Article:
Major League Baseball Pulls All-Star Game Out of ATL Over Jim Crow-Like Restrictive Voting Laws

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Written by Ann Brown
All-Star Game
Major League Baseball Pulls All-Star Game Out of ATL Over Jim Crow-Like Restrictive Voting Laws. Photo: Chicago Cubs’ Jason Heyward, left, celebrates with Javier Baez after the Cubs defeated the Pittsburgh Pirates 4-3 in a baseball game in Chicago, April 4, 2021. (AP Photo/Nam Y. Huh)

Atlanta was looking forward to hosting the upcoming Major League Baseball All-Star Game on July 13 but new voting restrictions have cost the city big time.

The 2021 All-Star Game will no longer be held in Atlanta due to Georgia’s new voting regulations passed by Georgia Gov. Brian Kemp, MLB commissioner Robert Manfred announced.

The game is estimated to have generated anywhere from $37 million to $190 million in economic impact for Atlanta, Atlantic Business Chronicle reported. 

Under Georgia’s new law, there are strict new guidelines for mail-in ballots and voter identification. State officials have more authority over how elections are conducted. Mobile voting centers are essentially banned.
Offering food or water to voters waiting in long lines is now a misdemeanor.

Some describe the law as Jim-Crow like, akin to the state and local laws in the South that enforced racial segregation. 

A new host city is still being finalizing and “details about these events will be announced shortly,” Manfred said.

The move by MLB is one of the first major responses to the new Georgia election law, which was denounced by business executives across the country, CNBC reported.

Opponents to Georgia’s new voting regulations say they will disproportionately disenfranchise Black voters.

“Over the last week, we have engaged in thoughtful conversations with clubs, former and current players, the Players Association, and the Players Alliance, among others, to listen to their views,” Manfred said. “I have decided that the best way to demonstrate our values as a sport is by relocating this year’s All-Star Game and MLB Draft.”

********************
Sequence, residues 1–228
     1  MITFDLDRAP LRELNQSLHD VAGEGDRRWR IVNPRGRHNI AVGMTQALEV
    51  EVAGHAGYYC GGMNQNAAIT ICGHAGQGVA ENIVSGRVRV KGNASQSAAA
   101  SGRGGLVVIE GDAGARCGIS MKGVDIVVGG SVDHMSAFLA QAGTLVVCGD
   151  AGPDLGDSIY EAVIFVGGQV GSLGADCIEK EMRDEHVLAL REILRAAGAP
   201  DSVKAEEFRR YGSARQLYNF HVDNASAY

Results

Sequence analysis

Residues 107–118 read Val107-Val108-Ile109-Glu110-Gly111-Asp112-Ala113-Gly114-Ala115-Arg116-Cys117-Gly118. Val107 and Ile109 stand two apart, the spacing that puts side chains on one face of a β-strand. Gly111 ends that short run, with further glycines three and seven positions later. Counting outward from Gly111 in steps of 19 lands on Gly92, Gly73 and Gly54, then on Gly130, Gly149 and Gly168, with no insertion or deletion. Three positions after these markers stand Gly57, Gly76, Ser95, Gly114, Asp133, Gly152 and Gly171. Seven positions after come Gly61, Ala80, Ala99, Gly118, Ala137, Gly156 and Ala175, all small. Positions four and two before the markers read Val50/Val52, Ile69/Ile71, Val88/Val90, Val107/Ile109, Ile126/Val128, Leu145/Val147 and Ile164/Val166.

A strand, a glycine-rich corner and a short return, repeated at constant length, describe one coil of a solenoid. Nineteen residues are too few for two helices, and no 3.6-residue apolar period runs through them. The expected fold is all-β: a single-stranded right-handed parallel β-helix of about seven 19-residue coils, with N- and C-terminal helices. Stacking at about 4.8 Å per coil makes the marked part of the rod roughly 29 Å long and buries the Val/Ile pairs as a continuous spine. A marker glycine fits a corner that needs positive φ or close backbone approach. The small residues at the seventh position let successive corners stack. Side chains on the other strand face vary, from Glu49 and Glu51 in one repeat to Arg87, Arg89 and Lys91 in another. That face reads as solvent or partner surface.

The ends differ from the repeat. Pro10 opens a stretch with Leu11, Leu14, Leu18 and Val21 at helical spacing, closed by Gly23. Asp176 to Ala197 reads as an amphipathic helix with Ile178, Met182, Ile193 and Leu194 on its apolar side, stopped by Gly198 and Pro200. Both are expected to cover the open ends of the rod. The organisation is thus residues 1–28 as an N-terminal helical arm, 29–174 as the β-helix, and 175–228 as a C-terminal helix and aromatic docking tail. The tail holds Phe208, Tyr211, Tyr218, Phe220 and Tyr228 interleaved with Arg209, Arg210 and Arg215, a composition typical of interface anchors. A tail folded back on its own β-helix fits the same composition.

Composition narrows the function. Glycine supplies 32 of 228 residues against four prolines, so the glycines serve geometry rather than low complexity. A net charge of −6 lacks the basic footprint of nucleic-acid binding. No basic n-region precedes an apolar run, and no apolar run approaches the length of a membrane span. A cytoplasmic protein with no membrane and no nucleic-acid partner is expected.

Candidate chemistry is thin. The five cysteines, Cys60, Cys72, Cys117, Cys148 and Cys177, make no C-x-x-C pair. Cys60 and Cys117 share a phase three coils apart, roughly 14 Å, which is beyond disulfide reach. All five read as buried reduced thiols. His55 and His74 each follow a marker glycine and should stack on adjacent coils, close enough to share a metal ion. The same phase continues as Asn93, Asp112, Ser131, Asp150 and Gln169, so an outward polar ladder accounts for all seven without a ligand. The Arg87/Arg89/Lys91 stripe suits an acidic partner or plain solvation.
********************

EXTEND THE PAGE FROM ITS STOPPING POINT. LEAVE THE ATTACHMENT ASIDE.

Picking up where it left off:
“Just as elections have consequences, so do the actions of those who are elected,” Atlanta Mayor Keisha Lance Bottoms tweeted. “Unfortunately, the removal of the @MLB All Star game from GA is likely the 1st of many dominoes to fall, until the unnecessary barriers put in place to restrict access to the ballot box are removed.”

Manfred spoke out for voting rights. 

“Major League Baseball fundamentally supports voting rights for all Americans and opposes restrictions to the ballot box,” Manfred said. “In 2020, MLB became the first professional sports league to join the non-partisan Civic Alliance to help build a future in which everyone participates in shaping the United States. We proudly used our platform to encourage baseball fans and communities throughout our country to perform their civic duty and actively participate in the voting process. Fair access to voting continues to have our game’s unwavering support.”

Gov. Kemp responded to the MLB decision by accusing the organization of being pressured by Democrats.

“Today, Major League Baseball caved to fear, political opportunism, and liberal lies,” Kemp said. “Georgians – and all Americans – should fully understand what the MLB’s knee-jerk decision means: cancel culture and woke political activists are coming for every aspect of your life, sports included. If the left doesn’t agree with you, facts and the truth do not matter.”

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Kemp added, “This attack on our state is the direct result of repeated lies from Joe Biden and Stacey Abrams about a bill that expands access to the ballot box and ensures the integrity of our elections.” 

Voting rights advocate Abrams, who narrowly lost her race against Kemp for Georgia governor in 2018, is credited with turning the state blue during the 2020 presidential elections.